Man Charged With Murdering Ex-Wife's Lover Allowed Bond

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A man charged with at least three shootings, one fatal, surrounding his divorce was in court Friday for a bond hearing.

The judge has ruled Bruce Nozolino, the man charged with murdering his ex-wife's lover, shooting her divorce attorney, and attempting to shoot the judge presiding over the divorce, will be allowed out on $10 million bond.

The judge set his bond extremely high because of concern over Nozolino's violent past and his inability to comply with court orders. The judge also is requiring him to wear a GPS monitoring system at all times.

Nozolino has been accused of first-degree murder for the 2008 death of Richard Schreiner, the man who, court documents show, was having an affair with Nozolino's wife, causing the 2002 divorce. Police say Nozolino fatally shot Schreiner while he shoveled snow outside his Colorado Springs home in November 2008.

In addition, Nozolino has been accused of attempted first degree murder for shooting his ex-wife’s divorce attorney, John Ciccolella in 2002. Nozolino was arrested in 2009 for the 2002 shooting of Ciccolella. Ciccolella was hired by Nozolino's wife to handle the divorce. He was in his office on January 23, 2002 at 405 South Cascade in Colorado Springs when he was shot in the head. He lost his right eye but survived the shooting.

Nozolino was already sitting in jail at the time of his re-arrest for the fatal shooting of Schreiner.

Nozolino is also accused of two other shootings. One of those shootings was into Ciccolella's home, but no one was injured in that incident. The other attempted shooting was into the home of Judge Gilbert Martinez, but again, no one was injured. Judge Martinez was the presiding judge on Nozolino's divorce.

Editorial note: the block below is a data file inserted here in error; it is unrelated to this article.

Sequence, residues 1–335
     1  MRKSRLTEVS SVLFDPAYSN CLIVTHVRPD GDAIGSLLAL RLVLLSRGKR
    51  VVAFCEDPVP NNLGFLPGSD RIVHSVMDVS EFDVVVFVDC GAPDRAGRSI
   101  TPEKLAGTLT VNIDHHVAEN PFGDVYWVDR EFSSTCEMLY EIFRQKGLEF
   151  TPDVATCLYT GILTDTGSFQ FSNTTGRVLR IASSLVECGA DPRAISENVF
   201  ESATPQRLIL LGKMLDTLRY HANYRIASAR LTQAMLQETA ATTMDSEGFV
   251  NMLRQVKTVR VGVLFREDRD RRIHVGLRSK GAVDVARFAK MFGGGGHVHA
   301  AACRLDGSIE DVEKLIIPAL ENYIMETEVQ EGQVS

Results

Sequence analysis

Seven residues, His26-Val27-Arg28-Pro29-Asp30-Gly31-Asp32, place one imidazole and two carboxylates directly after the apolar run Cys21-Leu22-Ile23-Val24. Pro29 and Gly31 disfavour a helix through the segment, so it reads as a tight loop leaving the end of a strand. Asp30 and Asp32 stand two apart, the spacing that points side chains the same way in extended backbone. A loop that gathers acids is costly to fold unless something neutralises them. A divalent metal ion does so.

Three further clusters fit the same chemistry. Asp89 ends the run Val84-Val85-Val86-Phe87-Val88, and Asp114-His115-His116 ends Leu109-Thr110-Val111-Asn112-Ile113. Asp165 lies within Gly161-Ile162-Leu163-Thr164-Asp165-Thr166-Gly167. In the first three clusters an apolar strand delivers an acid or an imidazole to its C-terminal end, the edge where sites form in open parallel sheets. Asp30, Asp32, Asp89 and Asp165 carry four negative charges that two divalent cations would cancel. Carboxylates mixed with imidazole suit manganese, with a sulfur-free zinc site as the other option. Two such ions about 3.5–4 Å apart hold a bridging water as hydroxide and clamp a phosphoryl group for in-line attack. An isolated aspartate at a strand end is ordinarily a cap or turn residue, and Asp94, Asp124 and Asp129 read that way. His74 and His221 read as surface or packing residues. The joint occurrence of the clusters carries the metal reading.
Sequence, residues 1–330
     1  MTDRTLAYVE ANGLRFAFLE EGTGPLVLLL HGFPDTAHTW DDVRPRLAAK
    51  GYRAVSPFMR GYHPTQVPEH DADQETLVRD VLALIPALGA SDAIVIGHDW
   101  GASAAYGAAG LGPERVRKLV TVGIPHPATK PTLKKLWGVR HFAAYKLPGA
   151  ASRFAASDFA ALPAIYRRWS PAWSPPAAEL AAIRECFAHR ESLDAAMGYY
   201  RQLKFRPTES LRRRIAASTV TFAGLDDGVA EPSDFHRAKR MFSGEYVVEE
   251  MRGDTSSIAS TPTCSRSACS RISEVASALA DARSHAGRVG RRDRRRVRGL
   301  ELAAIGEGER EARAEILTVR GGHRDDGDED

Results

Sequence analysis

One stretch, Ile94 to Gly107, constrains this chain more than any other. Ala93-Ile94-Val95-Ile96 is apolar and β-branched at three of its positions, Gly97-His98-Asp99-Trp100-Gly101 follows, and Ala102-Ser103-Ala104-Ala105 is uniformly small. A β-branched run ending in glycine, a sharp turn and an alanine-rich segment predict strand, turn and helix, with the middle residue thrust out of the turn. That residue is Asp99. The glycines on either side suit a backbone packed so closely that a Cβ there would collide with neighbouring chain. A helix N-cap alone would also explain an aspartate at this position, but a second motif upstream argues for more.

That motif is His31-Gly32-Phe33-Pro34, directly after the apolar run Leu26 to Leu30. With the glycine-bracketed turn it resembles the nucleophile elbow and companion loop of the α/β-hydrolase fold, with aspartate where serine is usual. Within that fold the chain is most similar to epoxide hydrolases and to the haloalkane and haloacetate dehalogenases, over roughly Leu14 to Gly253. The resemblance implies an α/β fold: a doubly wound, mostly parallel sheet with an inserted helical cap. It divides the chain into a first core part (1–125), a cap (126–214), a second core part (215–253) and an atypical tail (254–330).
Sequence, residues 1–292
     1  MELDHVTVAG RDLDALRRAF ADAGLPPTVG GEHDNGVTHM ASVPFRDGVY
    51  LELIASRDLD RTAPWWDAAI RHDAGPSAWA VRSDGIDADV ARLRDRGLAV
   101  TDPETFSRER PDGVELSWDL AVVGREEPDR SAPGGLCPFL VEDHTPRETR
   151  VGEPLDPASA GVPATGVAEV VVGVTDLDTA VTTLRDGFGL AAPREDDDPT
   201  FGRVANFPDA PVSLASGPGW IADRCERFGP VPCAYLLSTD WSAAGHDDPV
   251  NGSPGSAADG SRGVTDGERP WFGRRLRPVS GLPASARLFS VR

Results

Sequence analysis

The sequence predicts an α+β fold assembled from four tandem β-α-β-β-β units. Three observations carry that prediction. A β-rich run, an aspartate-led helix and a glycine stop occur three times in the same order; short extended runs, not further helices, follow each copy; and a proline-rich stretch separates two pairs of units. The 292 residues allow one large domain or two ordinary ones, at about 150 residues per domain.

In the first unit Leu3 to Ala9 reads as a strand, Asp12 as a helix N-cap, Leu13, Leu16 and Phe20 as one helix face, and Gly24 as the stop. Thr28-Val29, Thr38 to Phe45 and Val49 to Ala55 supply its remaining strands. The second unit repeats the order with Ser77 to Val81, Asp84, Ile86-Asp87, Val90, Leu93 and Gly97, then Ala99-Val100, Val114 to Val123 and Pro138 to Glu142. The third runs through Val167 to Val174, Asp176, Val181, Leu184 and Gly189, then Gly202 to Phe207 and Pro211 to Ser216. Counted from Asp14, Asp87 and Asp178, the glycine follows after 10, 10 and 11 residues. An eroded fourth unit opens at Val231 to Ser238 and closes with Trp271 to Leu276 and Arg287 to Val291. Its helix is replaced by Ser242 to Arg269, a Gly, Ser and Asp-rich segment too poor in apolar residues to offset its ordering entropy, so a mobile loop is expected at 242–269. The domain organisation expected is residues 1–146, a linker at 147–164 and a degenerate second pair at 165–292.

An 11 News reporter is in the courtroom, and tells us that the court has ruled that there's enough evidence to prove Nozolino had motive to commit the actions he has been accused of. The court has determined that Nozolino had opportunity, and the time line points to him.

Witnesses then told the the judge why he should stay in prison, but the judge has decided he'll be allowed to bond out. The victims and their families are upset. They're pleading with the judge, saying Nozolino is a danger to our community and can not be on the streets. Ciccolella says if he [Nozolino] bonds out, "I will be a dead man."

Nozolino will also have to stay 1,000 yards away from the homes and businesses of all his alleged victims. The prosecution said 100 yards would not be enough because in some of the crimes Nozolino is accused of committing, the shots were fired from a good distance away.

Nozolino has received five charges of tampering with a grand jury witness set to testify in his case. Tampering with a witness is a class four felony. Nozolino was arrested on the tampering charges on July 15, 2010.

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